Had one of those nice embarrassing teacher moments last class. I scolded a student for doing something a few of the students are prone to do…speeding up a shot to take advantage of a random opening. In this case, the scolding was because it resulted in a blistering shot to the top of my mask. Way above the level of acceptable impact. Being an experienced martial artist, the student apologized. I had no more worries, I knew he would be able to recalibrate with no issues…he just needed some feedback on force.

So two passes later, I’m facing the same student. This time I’m working with cloak and rapier. I spoil his shot by dropping my cloak on his blade mid thrust, the weight of it pulling his tip just below his intended target and resulting in a clean miss. I counter with a sneaky quick little shot up into his blindspot…but the cloak catches my blade as well, and the light body shot becomes a stiff shot to the hip with an unbending blade. Oops. My turn to apologize. Ah, humility.

Some fights later, and I’m up against Worf, a left-handed fighter who can throw a brutal hard shot at whip speed when he wants to. By this point, I’m starting to warm up. I’ve won a few fights in a row, and am relaxing into my best open game. My rapier is very extended, and I’m well covered behind it. With good cover, I’m able to use fast movement and feints to open up positions in my opponent that I can exploit. I don’t have to reach to hit my targets, but can simply move the blade a few inches and place it on incoming openings. It’s a game I love, but only clicks for me once in a while. Tonight it was on in fine form.

Worf threw his best whip shot, but it was easy to dodge back and under it using a variation of a wrestling split level change…sort of a reverse lunge. It’s one of the big openings you can achieve against an off-handed fighter, turning their strength into a weakness, allowing you access to their inside right. Wanting to fight with maximum safety, I chose the closest target to me as a counter-attack…Worf’s right forearm. It was held forward, dagger in hand, to ward off any follow-up attacks. It’s usually the right thing to do, but since I was inside and behind the lines, it not a defense, but a target. I could hit it while taking an angled step back outside to safety, so I did.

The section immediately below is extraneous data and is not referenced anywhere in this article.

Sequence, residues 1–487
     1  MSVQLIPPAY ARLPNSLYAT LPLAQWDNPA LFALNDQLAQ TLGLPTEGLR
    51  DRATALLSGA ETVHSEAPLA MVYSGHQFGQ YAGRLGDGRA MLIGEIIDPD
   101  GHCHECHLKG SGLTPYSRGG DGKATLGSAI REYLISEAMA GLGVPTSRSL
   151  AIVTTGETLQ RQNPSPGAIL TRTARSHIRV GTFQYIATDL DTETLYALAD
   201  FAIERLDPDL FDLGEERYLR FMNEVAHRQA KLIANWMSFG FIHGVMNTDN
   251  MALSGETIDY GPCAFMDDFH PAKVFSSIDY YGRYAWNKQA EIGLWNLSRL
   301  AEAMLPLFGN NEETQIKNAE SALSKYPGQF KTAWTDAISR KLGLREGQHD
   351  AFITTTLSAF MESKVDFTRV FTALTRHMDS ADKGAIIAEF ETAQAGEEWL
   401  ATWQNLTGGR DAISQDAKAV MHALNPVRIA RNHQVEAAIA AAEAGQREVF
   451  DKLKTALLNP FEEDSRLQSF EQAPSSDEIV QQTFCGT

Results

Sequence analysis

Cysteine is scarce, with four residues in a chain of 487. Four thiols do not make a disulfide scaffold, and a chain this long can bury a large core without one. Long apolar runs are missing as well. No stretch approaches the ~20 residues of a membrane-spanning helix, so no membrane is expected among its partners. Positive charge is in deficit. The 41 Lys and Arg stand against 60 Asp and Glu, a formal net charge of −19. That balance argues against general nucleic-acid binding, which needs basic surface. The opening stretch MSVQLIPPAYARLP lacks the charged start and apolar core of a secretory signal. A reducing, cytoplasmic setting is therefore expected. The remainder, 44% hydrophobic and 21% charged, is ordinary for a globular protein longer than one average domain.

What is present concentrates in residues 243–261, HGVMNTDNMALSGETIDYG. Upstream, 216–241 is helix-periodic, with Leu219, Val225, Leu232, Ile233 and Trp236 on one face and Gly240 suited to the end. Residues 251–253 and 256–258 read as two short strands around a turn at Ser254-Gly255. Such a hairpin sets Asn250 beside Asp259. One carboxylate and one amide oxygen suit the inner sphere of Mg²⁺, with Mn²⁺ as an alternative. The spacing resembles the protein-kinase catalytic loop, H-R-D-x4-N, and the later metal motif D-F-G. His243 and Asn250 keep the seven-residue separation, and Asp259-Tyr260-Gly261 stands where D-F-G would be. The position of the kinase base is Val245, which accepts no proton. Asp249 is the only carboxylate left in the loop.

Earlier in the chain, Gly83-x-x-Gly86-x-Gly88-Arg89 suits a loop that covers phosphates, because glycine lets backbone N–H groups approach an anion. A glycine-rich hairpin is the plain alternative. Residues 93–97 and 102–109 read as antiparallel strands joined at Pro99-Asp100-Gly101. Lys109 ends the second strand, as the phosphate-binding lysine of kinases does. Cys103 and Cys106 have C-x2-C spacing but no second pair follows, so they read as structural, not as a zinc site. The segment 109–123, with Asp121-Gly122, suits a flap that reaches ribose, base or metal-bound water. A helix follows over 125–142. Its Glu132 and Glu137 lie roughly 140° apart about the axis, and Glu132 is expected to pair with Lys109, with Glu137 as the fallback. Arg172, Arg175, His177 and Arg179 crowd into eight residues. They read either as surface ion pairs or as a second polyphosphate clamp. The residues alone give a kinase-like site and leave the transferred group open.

It was an almost-straight arm false edge cut, with my body momentum behind it. I hardly moved my arm at all…just straightening it a little so that my blade would be in place to catch any chasing attacks. Hardly any motion. It still hit Worf hard enough to take him out of the fights for the night. He had a nice twice-blade-width contusion on his hand. Would have been a hefty blood blister, except that I had managed to scrape some of his skin off, even through his leather gloves. Oops. Two hard hits in night, my fault or no, the rule is you are out of the fights for the night. Sigh.

One of my favourite shots, but because of the false-edge lead, there is not a lot of flex when it hits. If I’m going to keep using it in sparring, I’m going to have to modify it to hit lighter. I may have to start hitting with the flat to make it softer. I could turn it into a thrust with a flick of the wrist, but then I would be open to counter attacks.

The hard shots I scold the students for mostly fall under the category of bad fencing. They happen when a student sees an “unearned” opening and effectively panics, flailing out to hit the opening in the brief second it’s open. Nine times out of ten, this is the cause of double-kills. Some people fence for years doing this. Some people become successful competitors doing this. When they plateau, they can’t understand why the wins stop happening. The early wins they get also teach them that what they learn in class has less value then what they “naturally” do in sparring, so they wind up conditioning themselves to not learn. They start to find value only in being faster…and start to blame other people’s poor defense for the hard hits they start to be known for.

This conditioning can start early, and really get its hooks into a student. It’s very common to see a student do this even in slow work, extending and hitting any opening they see…while practically pushing their face onto the opposing sword. It’s fairly easy to see why so many teaching systems rely on Pavlovian drills and artificial tournament conditions to try and “trick” students out of this behavior. It can be a real bear to try and teach students to look to survival first, not victory.

One on one slow work, teacher to student, is the best way to correct this problem. Next best is closely monitored slow work. Intermittent drills can also work, but it’s best if you explain to students why they are doing them. It’s also useful to explain period work from manuals, when teaching them, in priority of defense and safety first. Show first why the selected technique keeps you safe, through the whole range of the technique. Show where the escape points are if things go wrong. Teach it right, and the “finish” becomes not the cool and interesting part of the technique, but the boring part students want to skip past…just the way it should be in a fight.

Fight first to survive. Self-defense is the goal. Defense is the first priority of any good martial art.